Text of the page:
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JMIR Publications, JMIR Research Protocols, 8(9), p. e18690, 2020

DOI: 10.2196/18690



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Notifications to Improve Engagement With an Alcohol Reduction App: Protocol for a Micro-Randomized Trial

This paper is made freely available by the publisher.
This paper is made freely available by the publisher.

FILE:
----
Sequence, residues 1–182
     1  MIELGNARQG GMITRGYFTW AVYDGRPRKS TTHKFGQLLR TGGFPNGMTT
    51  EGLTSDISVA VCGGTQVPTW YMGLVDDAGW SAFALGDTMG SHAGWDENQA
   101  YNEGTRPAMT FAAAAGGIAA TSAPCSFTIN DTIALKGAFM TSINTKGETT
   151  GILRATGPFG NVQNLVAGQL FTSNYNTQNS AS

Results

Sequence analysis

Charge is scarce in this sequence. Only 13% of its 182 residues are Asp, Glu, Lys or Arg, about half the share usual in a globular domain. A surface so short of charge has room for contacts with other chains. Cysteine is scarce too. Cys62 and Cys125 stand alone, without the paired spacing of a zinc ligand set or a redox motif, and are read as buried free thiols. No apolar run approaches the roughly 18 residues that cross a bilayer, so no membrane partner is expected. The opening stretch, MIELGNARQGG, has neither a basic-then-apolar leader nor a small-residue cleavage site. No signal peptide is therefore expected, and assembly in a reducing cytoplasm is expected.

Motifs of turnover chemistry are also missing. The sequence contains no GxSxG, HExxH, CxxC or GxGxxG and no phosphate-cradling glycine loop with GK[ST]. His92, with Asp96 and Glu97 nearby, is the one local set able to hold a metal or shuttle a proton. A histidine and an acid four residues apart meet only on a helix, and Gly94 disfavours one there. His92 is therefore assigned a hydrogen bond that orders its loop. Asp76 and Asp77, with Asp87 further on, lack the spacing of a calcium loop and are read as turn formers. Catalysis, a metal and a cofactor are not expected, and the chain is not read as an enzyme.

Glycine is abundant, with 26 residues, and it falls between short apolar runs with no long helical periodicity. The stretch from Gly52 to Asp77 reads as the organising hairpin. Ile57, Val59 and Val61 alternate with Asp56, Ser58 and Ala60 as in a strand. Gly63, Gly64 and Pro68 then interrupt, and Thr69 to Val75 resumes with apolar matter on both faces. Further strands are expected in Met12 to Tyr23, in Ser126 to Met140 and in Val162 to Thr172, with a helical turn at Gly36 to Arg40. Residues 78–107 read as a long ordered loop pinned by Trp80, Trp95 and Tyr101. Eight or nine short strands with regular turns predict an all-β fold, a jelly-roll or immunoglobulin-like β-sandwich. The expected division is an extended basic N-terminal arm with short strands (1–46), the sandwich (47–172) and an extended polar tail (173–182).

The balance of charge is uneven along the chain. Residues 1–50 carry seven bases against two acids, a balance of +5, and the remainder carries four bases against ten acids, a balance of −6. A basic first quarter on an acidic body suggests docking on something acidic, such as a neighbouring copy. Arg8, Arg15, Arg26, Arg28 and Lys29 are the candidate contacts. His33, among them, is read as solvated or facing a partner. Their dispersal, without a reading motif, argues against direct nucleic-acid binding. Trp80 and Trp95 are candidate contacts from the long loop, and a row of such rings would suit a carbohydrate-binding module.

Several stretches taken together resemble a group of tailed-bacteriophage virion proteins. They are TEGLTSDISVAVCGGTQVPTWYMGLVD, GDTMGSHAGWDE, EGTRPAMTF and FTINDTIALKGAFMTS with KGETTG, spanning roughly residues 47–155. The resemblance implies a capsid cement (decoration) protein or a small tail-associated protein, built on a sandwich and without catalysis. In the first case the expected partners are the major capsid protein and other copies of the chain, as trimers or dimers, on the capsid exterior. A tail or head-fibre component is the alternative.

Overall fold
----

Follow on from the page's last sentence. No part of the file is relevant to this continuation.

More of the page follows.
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Background Drink Less is a behavior change app that aims to help users in the general adult population reduce hazardous and harmful alcohol consumption. The app includes a daily push notification, delivered at 11 am, asking users to “Please complete your mood and drinking diaries.” Previous analysis of Drink Less engagement data suggests the current notification strongly influences how users engage with the app in the subsequent hour. To exploit a potential increase of vulnerability of excess drinking and opportunity to engage with the app in the evenings, we changed the delivery time from 11 am to 8 pm. We now aim to further optimise the content and sequence of notifications, testing 30 new evidence-informed notifications targeting the user’s perceived usefulness of the app. Objective The primary objective is to assess whether sending a notification at 8 pm increases behavioral engagement (opening the app) in the subsequent hour. Secondary objectives include comparing the effect of the new bank of messages with the standard message and effect moderation over time. We also aim to more generally understand the role notifications have on the overall duration, depth, and frequency of engagement with Drink Less over the first 30 days after download. Methods This is a protocol for a micro-randomized trial with two additional parallel arms. Inclusion criteria are Drink Less users who (1) consent to participate in the trial; (2) self-report a baseline Alcohol Use Disorders Identification Test score of 8 or above; (3) reside in the United Kingdom; (4) age ≥18 years and; (5) report interest in drinking less alcohol. In the micro-randomized trial, participants will be randomized daily at 8 pm to receive no notification, a notification with text from the new message bank, or the standard message. The primary outcome is the time-varying, binary outcome of “Did the user open the app in the hour from 8 pm to 9 pm?”. The primary analysis will estimate the marginal relative risk for the notifications using an estimator developed for micro-randomized trials with binary outcomes. Participants randomized to the parallel arms will receive no notifications (Secondary Arm A), or the standard notification delivered daily at 11 am (Secondary Arm B) over 30 days, allowing the comparison of overall engagement between different notification delivery strategies. Results Approval was granted by the University College of London’s Departmental Research Ethics Committee (CEHP/2016/556) on October 11, 2019, and The London School of Hygiene and Tropical Medicine Interventions Research Ethics Committee (17929) on November 27, 2019. Recruitment began on January 2, 2020, and is ongoing. Conclusions Understanding how push notifications may impact engagement with a behavior change app can lead to further improvements in engagement, and ultimately help users reduce their alcohol consumption. This understanding may also be generalizable to other apps that target a variety of behavior changes. International Registered Report Identifier (IRRID) DERR1-10.2196/18690